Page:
Speaking of philosophical concepts and musical leaps forward is perhaps as good way as any to introduce Liturgy’s latest release, a literal “rock opera” titled Origin of the Alimonies. Led by Hunter Hunt-Hendrix, Liturgy established themselves out of the gate with their 2008 debut LP Renihilation (the title a neologism for the countervailing and balancing force to “annihilation”). By the time their widely lauded but also widely debated follow-up Aesthethica was released in 2011, Hunt-Hendrix had composed an elaborate manifesto on "Transcendental Black Metal" written for an academic symposium, granted one held in a nightclub and bar. This intellectualized approach to metal ruffled more than a few feathers, while the band itself stood accused of being “Brooklyn hipsters" by many in the ruffled-feathers contingent. So yeah there were some big words and big ideas in effect, and a sculpted beard or two in evidence, but does it really stop the rock? The music they put out and live footage from the time strongly indicates otherwise.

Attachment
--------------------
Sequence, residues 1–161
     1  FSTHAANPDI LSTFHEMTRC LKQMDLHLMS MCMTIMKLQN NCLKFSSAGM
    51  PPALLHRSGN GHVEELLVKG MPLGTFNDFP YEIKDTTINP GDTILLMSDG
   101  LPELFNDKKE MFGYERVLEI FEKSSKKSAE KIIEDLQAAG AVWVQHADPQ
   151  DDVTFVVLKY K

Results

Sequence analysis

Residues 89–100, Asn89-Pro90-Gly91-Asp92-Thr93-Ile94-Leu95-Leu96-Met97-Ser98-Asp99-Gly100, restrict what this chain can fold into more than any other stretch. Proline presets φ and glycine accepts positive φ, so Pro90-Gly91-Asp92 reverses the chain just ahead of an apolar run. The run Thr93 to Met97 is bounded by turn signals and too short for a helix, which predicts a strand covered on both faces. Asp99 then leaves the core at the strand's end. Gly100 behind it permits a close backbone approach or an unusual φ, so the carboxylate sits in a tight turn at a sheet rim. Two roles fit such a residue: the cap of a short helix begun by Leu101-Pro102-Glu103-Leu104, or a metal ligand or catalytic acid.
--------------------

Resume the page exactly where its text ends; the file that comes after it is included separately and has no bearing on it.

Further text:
Fast forward nearly ten years and Liturgy has doubled down, maybe more like quintupled down, on their ambitious approach by releasing an album that comes accompanied with multiple YouTube lectures covering an assortment of musical, philosophical, and cosmogonical concepts relating to their new music with the promise of an accompanying full-on opera soon to follow. Building on their surprise 2019 release H.A.Q.Q., Origin of the Alimonies features a chamber ensemble playing strings and woodwinds, church organ and harp, that's just as heavily featured as the musicians in Liturgy. 

The notion of a religiously-themed opera couched in Lacanian psychoanalysis and Deleuzian philosophical concepts being released by a band that's in any way associated with black metal will come as a surprise to your average man on the street (gender choice deliberate) who likely associates the genre with church burnings and the physical desecration of deceased bandmates. The book Lords of Chaos has a lot to do with the familiarity of these images, based on some undeniably sensational real-life events, which have since sedimented into stereotype. But for a smaller group of initiates the music of Liturgy is in keeping with a New Wave of Experimental Heavy Metal (a clever play on NWOBHM) and the queering of metal and its boundaries advocated by Hunt-Hendrix and some others.